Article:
Fake news makes many young Japanese people not believe in Covid-19 vaccine

Myths like “vaccinations cause infertility” and “Covid-19 vaccines use mRNA technology that changes your DNA” have been widely circulated on social media in Japan.

Medical workers give people a Covid-19 vaccine in Tokyo, Japan on June 25, 2021. (Photo: AFP/VNA)

False statements and misinformation about Covid-19 vaccines on social networks are weakening the trust of Japanese youth, significantly affecting the Japanese government’s efforts to complete the campaign. large-scale vaccination in November and achieve herd immunity.

Myths like “vaccinations cause infertility” and “Covid-19 vaccines use mRNA technology that alters your DNA” have been widely circulated on the Internet, while anti-vaccination posts have also surfaced. appeared “like mushrooms after the rain” on social networking sites Facebook and Twitter.

The Japan Association of Obstetricians and Gynecologists as well as the Japan Association of Infectious Diseases in Obstetrics and Gynecology have emphasized that, for pregnant women, vaccination against Covid-19 brings more benefits. is the risk.

The Japanese Ministry of Health also confirmed that so far there have been no reports on the impact of the Covid-19 vaccine on reproductive function.

For his part, Japan’s vaccination campaign minister Taro Kono last month posted on his personal blog affirming: “There is absolutely no scientific evidence that the Covid-19 vaccine will cause infertility. “

Mr. Kono warned that the “vaccine hoax” had been spreading around the world and Japan was no exception, and urged the public to be wary of misinformation.

Mr. Kono’s blog is overseen by a team of about 30 doctors and experts.

These people are also founding members of the “COV-Navi” project with the aim of providing comprehensive information on the effectiveness and side effects of the Covid-19 vaccine.

Dr Tomoya Kurokawa of Chiba University Hospital, which manages the COV-Navi project, said that in the past weeks, his team has received a lot of questions regarding vaccine misinformation.

As vaccination campaigns rolled out in workplaces and universities in late June, many people went online to seek information and were exposed to panic-inducing fake news.

According to Dr. Kurokawa, many young people are hesitant to get vaccinated because they think they are less likely to get seriously ill with Covid-19, so it is not necessary to get vaccinated. However, the reality is that the disease can have long-term effects in people of all ages.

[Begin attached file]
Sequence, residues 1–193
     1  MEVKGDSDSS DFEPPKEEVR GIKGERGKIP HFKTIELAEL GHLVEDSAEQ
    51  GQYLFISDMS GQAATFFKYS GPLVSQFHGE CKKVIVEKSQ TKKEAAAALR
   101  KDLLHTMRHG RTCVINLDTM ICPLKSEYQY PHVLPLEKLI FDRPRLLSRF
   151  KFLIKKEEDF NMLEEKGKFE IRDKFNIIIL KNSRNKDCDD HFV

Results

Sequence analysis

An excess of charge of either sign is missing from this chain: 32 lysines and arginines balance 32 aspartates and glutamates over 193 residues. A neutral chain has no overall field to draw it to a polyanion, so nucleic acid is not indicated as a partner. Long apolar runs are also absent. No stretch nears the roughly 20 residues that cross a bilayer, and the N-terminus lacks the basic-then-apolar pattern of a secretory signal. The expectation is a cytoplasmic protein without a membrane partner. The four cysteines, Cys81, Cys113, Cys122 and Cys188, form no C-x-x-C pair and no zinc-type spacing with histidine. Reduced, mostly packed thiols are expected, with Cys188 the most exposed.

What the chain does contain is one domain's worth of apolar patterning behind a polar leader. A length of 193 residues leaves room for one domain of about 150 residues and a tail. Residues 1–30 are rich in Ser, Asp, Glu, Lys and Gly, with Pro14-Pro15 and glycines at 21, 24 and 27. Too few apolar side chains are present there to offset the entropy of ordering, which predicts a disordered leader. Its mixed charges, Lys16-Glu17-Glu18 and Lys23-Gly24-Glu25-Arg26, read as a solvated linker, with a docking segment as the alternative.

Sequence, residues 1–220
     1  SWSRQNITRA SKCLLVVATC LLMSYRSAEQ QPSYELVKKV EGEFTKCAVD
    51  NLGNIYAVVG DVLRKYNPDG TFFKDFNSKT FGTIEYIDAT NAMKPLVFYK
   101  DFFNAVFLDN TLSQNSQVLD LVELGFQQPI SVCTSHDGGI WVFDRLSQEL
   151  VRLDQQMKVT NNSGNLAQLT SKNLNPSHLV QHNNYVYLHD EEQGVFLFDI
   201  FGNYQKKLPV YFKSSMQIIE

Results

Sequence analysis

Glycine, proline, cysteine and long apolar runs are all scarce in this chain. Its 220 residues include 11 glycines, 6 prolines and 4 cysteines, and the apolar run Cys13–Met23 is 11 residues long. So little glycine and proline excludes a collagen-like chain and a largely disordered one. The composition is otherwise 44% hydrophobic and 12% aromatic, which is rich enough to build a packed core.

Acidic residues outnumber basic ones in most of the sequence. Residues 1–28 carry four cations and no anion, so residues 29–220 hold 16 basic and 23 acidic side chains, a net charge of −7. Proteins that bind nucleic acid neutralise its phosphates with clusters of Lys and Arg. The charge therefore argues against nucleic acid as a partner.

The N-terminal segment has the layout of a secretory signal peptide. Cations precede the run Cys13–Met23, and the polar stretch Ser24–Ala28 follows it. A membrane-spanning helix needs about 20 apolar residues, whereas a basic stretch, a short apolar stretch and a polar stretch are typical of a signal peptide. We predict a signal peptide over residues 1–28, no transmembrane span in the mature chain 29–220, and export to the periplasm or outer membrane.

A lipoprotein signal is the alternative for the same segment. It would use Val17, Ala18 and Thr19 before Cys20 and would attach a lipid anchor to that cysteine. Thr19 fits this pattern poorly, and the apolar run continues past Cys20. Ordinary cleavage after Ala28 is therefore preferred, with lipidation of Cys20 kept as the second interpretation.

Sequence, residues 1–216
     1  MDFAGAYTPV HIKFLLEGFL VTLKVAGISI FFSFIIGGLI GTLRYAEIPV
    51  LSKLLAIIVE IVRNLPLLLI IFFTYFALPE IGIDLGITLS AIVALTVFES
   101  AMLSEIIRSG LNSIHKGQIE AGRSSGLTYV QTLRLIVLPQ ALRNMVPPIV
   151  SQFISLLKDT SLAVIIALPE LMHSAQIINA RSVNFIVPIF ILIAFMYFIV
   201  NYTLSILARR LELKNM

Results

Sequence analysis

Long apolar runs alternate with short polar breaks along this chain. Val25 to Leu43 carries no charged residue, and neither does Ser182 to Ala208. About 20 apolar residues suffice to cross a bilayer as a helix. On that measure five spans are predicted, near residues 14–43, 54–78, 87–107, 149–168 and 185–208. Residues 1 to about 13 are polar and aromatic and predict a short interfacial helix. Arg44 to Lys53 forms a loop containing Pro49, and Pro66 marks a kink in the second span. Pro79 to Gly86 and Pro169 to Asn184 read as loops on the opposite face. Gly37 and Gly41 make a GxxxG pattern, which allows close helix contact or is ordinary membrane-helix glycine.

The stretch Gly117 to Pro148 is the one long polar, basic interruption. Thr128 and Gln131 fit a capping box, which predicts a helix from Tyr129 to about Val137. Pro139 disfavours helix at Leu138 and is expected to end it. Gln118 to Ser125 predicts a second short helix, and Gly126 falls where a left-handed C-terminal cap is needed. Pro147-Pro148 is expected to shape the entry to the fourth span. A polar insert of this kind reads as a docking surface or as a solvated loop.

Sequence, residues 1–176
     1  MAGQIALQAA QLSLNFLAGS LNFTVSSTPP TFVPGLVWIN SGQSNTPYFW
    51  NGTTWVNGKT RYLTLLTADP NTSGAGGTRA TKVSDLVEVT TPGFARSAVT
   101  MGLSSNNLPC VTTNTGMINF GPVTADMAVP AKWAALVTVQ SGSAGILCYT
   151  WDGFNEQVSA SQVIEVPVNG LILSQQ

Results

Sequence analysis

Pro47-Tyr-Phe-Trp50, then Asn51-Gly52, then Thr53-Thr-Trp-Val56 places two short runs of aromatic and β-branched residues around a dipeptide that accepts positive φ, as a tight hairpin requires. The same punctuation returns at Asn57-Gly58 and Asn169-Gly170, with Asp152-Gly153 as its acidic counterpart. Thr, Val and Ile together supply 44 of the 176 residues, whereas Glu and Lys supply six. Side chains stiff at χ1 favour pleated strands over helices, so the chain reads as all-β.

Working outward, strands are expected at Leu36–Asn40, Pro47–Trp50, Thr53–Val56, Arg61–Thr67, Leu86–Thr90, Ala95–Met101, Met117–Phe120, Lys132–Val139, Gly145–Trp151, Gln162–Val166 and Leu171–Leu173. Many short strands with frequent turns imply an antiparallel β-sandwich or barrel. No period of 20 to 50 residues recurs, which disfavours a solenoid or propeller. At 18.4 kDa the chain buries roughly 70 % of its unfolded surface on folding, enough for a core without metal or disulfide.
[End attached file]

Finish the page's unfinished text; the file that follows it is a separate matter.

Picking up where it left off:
According to a survey conducted in June by Kyushu Bunka Gakuen School – which operates private schools and universities in Nagasaki Prefecture, southwestern Japan – conducted in June, a total of 388 people (or 45.9%) among them 846 high school students polled said they would get vaccinated “if it’s mandatory.”

Meanwhile, 110 students, or 13%, said they did not want to be vaccinated.

The survey also found that 137 students, or 16.2%, were ready to be vaccinated, while 34, or 4.1 percent, said they would “never” be vaccinated.

Prominent among the reasons for not wanting to be vaccinated were fear of side effects (59.1%), and “doubt about the effectiveness of the vaccine” (13.4%).

Kyushu school spokesman Bunka Gakuen said that it seems that conflicting information from the internet and people around is increasing students’ insecurity about vaccinations.

Tokyo Governor Yuriko Koike also specifically expressed concern about this situation.

Speaking at a regular press conference last week, Governor Koike pointed out that “disseminating the right knowledge about vaccines” among young people is essential to speeding up the vaccination program.

Japan recently accelerated its Covid-19 vaccination campaign, expanding its target audience to young people after prioritizing vaccinations for healthcare workers and people aged 65 and over.

In another survey conducted by the Research Institute for Economics, Trade and Industry (RIETI) of about 11,800 participants, 80.6% of respondents aged 65 and older said they plan to get vaccinated. , while about 17.5% of 18- to 29-year-olds stated no such intention.

The survey, conducted in three phases from October 2020, with the most recent ending in May, shows that groups of young people tend to be less interested in vaccinations.

According to the Vietnam+

Bac Ninh: Information deducted when receiving a call showing

Bac Ninh: Information deducted when receiving a call showing “BCD COVID19” is fabricated

Affirming that information spread on social networks about subscribers when receiving calls from a call titled “BCD COVID19”, “BCD COVID-313158” or “18001119” being deducted is completely fabricated, Bac Ninh Department of Information and Communications advise people to be alert when sharing.


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